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Old 01-16-2010, 12:54 PM   #1
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Changing hard drive mounts to defaults


I am currently using Ubuntu 9.10 x86_64.

During the installation process I set the "/usr" mount point to a partition in another hard drive (/dev/sdf1). I am noticing that I am getting an increasing count of bad sectors (44 so far) in this drive and need to replace it soon. So far I have not lost any data but I would like to reset this mount point to its default place with the "/" root hard drive (/dev/sdd1). What is the easiest way of doing this without having to reinstall my OS?


Last edited by heberg21; 01-16-2010 at 01:03 PM.
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Old 01-16-2010, 01:11 PM   #2
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You could do it as a two step process.

1) create a temporary folder in /mnt (for example: mkdir /mnt/usr). Then use cp -R or use tar to copy the contents of /usr to /mnt/usr.

2) umount /usr. After unmountint /usr, if you run 'ls /usr', you should see an empty directory(under /usr in the root directory tree). Now "mv /mnt/usr/* /usr/*" to move the contents of the temporary directory to /usr.

At this point you have copied the contents of the /usr partition to /usr under the root of the filesystem. Edit /etc/fstab to remove the reference to /usr.

You still have /usr files on the other patition, which you can now safely delete.
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Old 01-16-2010, 01:17 PM   #3
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i think that should be done from minimal boot level, with no processes running from /usr.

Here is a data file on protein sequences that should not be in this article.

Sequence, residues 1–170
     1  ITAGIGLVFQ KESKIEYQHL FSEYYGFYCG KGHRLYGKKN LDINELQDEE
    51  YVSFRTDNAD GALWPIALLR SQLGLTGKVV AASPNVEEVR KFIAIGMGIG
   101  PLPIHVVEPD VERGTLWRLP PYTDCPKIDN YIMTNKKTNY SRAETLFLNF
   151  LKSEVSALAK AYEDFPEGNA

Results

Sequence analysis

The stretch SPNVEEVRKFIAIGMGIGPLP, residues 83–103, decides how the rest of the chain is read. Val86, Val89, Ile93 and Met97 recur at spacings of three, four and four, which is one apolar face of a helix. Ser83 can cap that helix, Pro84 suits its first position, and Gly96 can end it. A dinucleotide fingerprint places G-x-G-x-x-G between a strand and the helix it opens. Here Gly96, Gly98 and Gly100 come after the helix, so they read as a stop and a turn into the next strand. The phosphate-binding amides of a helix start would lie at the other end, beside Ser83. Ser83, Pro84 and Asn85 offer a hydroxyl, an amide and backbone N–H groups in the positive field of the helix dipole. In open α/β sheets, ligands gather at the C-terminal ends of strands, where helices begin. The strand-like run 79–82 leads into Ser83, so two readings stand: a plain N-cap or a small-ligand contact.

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Old 01-16-2010, 04:43 PM   #4
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Thank you very much bigrigdriver.

It worked great with your steps but had to do an additional step before step 2: I changed to supersuser with 'su' before doing the unmount (which had to be forced) so that I would not cripple myself when trying to move the files.

Last edited by heberg21; 01-16-2010 at 04:47 PM.
Old 01-17-2010, 07:55 AM   #5
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By the way in case anyone out there finds this thread looking for the same solution:

The exact 'cp' command referenced to above is as follows (this needs to done like this in order to preserve all file permissions, attributes, etc.):

(the -v (verbose mode, to show you what's going on) is optional)
(the asterisk at the end is to copy the contents and not the directory)

# cp -v -r --preserve=all /path_to_source_directory/* /path_to_destination_directory

For changing to superuser, (if the root password is not set, it can be set by running this command: 'sudo passwd'):

$ su

For unmounting (the -l is to force the unmount):

# umount -l /name_of_mount

Last edited by heberg21; 01-17-2010 at 10:43 PM.


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